Depending on the health of your elder family member, activities may be added or planned according to their specific preferences or needs. The main point is to keep them active and feeling vital and involved with the family and others in a social circle. Never force them to participate in any activity or event that they don’t wish to be involved in though. They will have good days and bad days just like everyone else. As long as this doesn’t become a regular issue, it is important to allow them their freedom to do as they feel. However, if they become more withdrawn and uninterested in social interaction, this could be a sign of depression or declining health. Encourage them to speak with their health care provider about it, or do so yourself.


Having a new household member, particularly one who may require special attention or extra care, can cause children to feel as though they have been forgotten. While they may understand that the senior needs additional attention, they can grow to miss the “regular” routine of their previous family life. Make sure to set aside time to spend doing things with your children. You can find some great tips on keeping your family as close as ever at You will find that this time with your family will help to recharge your own batteries as well.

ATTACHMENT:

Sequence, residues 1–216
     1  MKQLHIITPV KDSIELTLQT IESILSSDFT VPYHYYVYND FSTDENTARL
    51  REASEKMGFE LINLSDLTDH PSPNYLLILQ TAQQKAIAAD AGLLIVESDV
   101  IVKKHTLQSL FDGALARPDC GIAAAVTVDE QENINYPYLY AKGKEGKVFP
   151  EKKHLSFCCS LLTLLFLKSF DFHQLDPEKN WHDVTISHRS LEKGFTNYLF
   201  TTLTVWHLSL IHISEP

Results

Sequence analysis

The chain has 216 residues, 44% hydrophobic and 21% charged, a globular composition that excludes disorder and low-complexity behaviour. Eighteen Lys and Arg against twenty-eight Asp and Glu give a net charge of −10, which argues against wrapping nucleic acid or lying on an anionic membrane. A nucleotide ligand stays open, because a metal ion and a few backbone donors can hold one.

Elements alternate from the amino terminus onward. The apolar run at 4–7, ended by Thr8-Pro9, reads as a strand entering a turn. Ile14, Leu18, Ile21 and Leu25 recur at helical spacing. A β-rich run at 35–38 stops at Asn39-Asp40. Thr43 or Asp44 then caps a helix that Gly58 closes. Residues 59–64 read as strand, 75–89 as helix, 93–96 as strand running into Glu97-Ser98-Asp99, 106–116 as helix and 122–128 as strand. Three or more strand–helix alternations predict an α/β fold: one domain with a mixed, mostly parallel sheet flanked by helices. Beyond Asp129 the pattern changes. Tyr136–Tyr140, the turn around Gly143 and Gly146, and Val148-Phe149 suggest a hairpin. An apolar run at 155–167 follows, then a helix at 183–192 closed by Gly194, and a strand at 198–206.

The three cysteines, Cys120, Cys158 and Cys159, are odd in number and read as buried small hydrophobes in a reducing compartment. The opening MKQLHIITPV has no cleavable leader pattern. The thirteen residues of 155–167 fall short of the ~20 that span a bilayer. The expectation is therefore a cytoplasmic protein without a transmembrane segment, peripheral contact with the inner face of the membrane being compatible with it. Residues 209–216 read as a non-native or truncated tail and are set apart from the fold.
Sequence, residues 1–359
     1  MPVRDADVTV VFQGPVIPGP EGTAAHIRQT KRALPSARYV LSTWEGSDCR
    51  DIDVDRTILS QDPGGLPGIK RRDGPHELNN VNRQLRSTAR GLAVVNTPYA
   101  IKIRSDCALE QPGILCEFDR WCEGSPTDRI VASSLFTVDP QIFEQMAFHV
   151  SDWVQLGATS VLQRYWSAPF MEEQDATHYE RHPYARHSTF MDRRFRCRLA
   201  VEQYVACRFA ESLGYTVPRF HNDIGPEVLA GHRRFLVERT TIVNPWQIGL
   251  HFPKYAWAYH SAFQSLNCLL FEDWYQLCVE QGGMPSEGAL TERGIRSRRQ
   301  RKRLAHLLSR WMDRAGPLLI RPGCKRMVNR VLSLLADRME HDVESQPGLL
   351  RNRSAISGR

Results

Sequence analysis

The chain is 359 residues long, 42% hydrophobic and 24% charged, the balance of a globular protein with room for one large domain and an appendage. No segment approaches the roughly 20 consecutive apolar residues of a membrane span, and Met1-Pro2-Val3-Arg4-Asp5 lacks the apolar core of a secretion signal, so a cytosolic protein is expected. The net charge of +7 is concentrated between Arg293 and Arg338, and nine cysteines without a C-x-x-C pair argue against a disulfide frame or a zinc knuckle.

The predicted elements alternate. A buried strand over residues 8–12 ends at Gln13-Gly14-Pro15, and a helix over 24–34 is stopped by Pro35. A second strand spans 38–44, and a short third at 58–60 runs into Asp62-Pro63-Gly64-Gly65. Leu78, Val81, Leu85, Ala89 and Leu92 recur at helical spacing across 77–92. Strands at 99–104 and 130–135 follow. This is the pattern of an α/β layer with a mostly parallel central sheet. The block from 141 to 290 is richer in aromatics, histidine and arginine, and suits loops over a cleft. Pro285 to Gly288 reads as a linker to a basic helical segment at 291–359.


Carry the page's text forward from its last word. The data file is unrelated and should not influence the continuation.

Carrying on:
Remember that it isn’t only your family that will be affected by moving your parent into your home. As an independent adult, your parent will also be adjusting to some big changes. While they will almost assuredly be grateful and happy to be with you, they will have some questions and concerns of their own. Make sure you sit down and discuss openly anything they may wish to talk about. The AARP has published a helpful list of discussion topics on their website ( to help both parties open up and talk about all the changes that will be taking place.


When the time comes that your parent needs more care than you are able to provide, choosing the right living arrangement for them will be of the utmost importance. A reputable senior living community will ensure that your loved one will remain active and vital while receiving the best in health care like You will want to visit a number of facilities with your loved one in order to make the choice together. Once they have made the move into assisted living, it will be important that you remain present in their life with frequent visits, phone calls, and trips out of the facility as permitted. Making sure they know that they are not forgotten is imperative to their continued good health and well-being.


Just as our parents loved and cared for us at the beginning of our lives, so we have the privilege of doing the same for them in their golden years. While it may require some adjustments, our hearts – and theirs – will be full with the knowledge that the love instilled in us by our parents is being joyfully returned to them at a most precious time of their lives.